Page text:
Given this radical change, it’s time for Congress to eliminate accreditors as federal gatekeepers in favor of measures that will better protect the public interest and ensure institutional autonomy. The DOE already determines what Congress needs to know to protect the public, namely institutional financial responsibility—the baseline for all other measures of integrity. Existing regulations require that institutions submit audits every year and maintain good standing with the DOE in order to participate in Title IV programs. These reviews ensure that student loan funds are expended on financially responsible institutions and provide consumer protection without the intrusiveness of federal accreditors and the well-documented shortcomings of self-regulation.

Once set free from its gatekeeping role, the accreditation community could transform itself in numerous ways. After the 1992 Earth Summit in Rio de Janiero, for example, loggers, foresters, environmentalists, and sociologists joined together to form the Forest Stewardship Council (FSC).27 The FSC sets voluntary standards and criteria on what amounts to a well-managed and sustainable forest and then it accredits organizations to certify those forests that meet the criteria. The FSC certification is widely known, widely accepted, widely prized, and drives consumer behavior. Accreditors—freed of federal mandates—could potentially work in the same way, offering various levels and kinds of accreditation of value to both the consumer and the institution.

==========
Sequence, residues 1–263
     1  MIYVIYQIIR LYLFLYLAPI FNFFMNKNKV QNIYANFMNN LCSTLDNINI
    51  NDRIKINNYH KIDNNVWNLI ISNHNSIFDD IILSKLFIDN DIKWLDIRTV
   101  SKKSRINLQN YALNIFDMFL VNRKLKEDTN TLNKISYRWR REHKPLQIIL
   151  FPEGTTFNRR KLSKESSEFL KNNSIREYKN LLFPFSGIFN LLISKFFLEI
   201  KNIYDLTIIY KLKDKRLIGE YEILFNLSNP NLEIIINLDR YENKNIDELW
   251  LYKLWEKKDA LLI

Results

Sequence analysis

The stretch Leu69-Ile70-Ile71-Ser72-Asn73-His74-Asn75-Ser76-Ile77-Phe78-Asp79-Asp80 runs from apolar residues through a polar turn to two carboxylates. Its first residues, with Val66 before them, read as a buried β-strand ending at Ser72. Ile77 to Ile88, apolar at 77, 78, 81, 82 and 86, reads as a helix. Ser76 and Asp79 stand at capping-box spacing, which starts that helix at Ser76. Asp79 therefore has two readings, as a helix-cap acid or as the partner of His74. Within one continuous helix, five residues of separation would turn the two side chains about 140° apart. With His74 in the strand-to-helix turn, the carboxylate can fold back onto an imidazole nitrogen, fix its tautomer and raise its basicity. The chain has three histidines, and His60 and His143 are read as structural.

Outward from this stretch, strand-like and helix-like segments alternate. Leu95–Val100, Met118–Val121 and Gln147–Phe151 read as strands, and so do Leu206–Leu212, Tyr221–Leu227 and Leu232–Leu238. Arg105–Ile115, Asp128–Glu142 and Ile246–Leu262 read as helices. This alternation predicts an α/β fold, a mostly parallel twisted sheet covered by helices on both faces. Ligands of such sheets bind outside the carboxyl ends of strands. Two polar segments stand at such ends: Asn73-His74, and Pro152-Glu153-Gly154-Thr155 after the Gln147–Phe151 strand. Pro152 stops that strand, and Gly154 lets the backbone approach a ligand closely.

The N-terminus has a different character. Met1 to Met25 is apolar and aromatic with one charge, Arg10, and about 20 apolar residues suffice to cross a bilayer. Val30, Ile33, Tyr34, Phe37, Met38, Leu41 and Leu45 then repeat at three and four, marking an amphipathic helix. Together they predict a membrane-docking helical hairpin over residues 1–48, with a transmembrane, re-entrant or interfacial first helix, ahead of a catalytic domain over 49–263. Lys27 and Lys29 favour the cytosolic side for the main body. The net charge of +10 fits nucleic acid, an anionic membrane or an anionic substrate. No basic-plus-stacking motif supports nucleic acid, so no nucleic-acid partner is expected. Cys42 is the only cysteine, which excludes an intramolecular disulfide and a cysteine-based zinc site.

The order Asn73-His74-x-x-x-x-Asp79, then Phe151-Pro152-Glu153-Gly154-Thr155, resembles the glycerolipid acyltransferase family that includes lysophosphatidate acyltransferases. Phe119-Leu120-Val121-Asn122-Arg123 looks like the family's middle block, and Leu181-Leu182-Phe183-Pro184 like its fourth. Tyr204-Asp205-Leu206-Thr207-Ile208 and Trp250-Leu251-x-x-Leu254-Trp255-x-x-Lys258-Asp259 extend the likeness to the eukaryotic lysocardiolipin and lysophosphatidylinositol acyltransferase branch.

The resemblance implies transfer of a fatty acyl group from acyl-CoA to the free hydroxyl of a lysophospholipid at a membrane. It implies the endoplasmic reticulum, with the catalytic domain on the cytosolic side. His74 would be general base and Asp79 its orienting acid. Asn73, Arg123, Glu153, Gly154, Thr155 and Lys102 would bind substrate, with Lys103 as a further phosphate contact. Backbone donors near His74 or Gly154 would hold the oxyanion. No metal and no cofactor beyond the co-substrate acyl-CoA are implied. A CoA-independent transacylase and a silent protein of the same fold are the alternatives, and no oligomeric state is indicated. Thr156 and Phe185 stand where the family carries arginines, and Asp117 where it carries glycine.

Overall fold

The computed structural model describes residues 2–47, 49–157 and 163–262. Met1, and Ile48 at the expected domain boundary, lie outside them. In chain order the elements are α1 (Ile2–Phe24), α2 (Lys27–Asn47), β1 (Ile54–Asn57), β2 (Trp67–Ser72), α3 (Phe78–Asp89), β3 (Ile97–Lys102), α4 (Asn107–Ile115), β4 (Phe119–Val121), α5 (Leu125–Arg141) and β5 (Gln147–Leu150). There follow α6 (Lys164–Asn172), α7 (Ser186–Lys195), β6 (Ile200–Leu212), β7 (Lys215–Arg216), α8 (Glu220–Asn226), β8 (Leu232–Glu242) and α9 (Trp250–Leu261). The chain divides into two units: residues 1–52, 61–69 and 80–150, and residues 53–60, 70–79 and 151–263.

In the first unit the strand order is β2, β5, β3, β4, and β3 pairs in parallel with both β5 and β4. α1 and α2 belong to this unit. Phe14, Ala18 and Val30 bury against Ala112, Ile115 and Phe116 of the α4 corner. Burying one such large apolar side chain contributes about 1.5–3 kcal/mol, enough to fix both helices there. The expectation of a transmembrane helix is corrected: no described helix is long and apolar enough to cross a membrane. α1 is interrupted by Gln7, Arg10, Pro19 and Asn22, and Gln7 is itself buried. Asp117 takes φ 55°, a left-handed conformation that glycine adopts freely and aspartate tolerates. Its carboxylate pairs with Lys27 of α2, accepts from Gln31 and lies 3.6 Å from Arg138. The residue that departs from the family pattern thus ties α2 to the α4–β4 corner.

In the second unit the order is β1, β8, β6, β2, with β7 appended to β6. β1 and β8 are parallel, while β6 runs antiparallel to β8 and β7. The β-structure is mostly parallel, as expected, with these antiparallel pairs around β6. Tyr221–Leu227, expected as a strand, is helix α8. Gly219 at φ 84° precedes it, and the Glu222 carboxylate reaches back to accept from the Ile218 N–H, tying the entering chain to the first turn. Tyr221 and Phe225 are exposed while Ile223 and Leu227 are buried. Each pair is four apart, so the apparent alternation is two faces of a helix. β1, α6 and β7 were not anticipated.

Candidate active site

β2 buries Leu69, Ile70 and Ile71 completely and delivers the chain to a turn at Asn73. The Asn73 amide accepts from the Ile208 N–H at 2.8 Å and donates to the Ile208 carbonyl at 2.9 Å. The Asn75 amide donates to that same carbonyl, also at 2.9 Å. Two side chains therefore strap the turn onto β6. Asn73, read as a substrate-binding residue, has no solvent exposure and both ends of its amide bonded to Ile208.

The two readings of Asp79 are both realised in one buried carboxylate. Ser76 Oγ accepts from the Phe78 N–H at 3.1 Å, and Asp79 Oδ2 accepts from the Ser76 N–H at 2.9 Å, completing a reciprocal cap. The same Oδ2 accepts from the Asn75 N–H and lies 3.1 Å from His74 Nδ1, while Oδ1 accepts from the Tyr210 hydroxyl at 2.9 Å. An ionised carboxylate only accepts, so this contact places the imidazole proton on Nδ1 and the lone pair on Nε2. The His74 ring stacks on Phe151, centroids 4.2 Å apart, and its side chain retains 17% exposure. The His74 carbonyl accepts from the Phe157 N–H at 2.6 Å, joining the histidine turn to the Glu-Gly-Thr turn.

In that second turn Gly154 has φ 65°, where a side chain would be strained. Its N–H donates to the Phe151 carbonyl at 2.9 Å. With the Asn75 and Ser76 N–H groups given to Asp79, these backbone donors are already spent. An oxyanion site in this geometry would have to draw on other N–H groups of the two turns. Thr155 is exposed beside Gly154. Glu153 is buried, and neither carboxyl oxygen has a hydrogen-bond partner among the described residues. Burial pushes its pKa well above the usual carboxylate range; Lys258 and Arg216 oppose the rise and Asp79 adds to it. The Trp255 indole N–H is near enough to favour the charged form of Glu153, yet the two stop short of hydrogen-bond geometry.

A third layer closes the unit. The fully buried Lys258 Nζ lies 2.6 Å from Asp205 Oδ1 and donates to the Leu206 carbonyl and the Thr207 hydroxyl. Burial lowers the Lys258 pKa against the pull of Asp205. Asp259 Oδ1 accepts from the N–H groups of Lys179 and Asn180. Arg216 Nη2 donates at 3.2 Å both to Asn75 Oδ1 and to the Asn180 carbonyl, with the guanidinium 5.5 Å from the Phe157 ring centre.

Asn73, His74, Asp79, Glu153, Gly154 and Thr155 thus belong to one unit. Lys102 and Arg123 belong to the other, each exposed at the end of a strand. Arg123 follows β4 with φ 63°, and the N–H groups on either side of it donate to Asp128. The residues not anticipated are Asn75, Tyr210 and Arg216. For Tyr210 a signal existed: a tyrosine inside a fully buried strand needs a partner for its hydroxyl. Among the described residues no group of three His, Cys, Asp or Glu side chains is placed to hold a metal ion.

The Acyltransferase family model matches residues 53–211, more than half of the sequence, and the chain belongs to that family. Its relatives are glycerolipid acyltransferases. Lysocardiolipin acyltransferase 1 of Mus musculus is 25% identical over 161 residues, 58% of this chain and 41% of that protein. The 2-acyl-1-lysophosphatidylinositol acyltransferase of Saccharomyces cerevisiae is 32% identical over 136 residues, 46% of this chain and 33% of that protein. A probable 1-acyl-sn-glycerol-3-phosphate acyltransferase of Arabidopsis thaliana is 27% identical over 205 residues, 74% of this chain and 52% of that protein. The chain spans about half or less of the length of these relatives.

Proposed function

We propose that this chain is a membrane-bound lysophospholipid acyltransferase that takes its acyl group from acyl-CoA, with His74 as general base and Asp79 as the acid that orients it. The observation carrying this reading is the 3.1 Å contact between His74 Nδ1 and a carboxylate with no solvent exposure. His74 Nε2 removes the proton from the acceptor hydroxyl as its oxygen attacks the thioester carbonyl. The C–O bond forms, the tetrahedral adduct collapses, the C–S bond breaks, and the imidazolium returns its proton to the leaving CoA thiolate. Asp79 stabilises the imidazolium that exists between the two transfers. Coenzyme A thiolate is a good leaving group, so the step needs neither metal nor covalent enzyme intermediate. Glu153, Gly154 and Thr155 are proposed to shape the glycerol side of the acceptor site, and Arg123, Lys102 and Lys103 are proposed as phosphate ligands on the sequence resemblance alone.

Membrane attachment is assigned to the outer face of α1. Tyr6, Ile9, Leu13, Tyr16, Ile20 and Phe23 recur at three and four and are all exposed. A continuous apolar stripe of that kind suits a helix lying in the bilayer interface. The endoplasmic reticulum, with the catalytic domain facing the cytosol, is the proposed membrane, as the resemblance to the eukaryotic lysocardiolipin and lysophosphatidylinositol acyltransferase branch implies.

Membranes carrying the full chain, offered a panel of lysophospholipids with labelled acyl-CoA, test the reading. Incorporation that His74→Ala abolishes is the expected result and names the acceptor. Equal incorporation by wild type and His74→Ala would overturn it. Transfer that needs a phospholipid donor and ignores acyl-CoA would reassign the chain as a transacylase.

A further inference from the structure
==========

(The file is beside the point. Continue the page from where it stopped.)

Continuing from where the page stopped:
Meanwhile, students and parents have access to more information about colleges and universities than ever before from books, magazines, and the Internet. Last year, the American Association of State Colleges and Universities (AASCU) and the National Association of State Universities and Land Grant Colleges (NASULGC) announced the Voluntary System of Accountability (VSA), a data-reporting initiative in which many of their members have opted to participate.28 Consumers will be able to make decisions based on the information provided by the VSA’s “College Portrait” far more easily than they can on the very minimal public information conveyed by the current accreditation process.

Adopting a financial certification standard means that institutions will no longer be required to undergo accreditation visits, but they can call upon accreditors if they find their services useful or strategically valuable. Meanwhile, the onus will be placed on trustees, and not the federal government, to ensure quality. In the past, trustees have often remained hands-off when it comes to educational quality. But, as Jane Tatibouet, a regent of the University of Hawaii, acknowledged at a recent public forum, accreditation was part of the problem. “The threat of a sanction or actual probation is the first tool used to keep a board under the accreditor’s thumb, ultimately preventing the board from performing its role both as steward and visionary while addressing accountability, financial and cost controls, and academic excellence,” she said.29 As a consequence, faculties have attained, over time, virtually unlimited power over academic concerns, while it has become commonplace for boards and presidents to exercise little or no oversight.

For the Immediate Future

For the immediate future, Congress should adopt an alternative to the existing process. In 2007, Congressman Tom Petri of Wisconsin proffered an amendment that would have allowed previously accredited institutions to report to the public every five years on key institutional measures.30 Rather than relying on the secretive accreditation process, which occurs only once every ten years, this approach would have provided parents and students with helpful and regular information while giving institutions the ability to opt out of the existing process if they felt that time and resources could be utilized in more productive ways.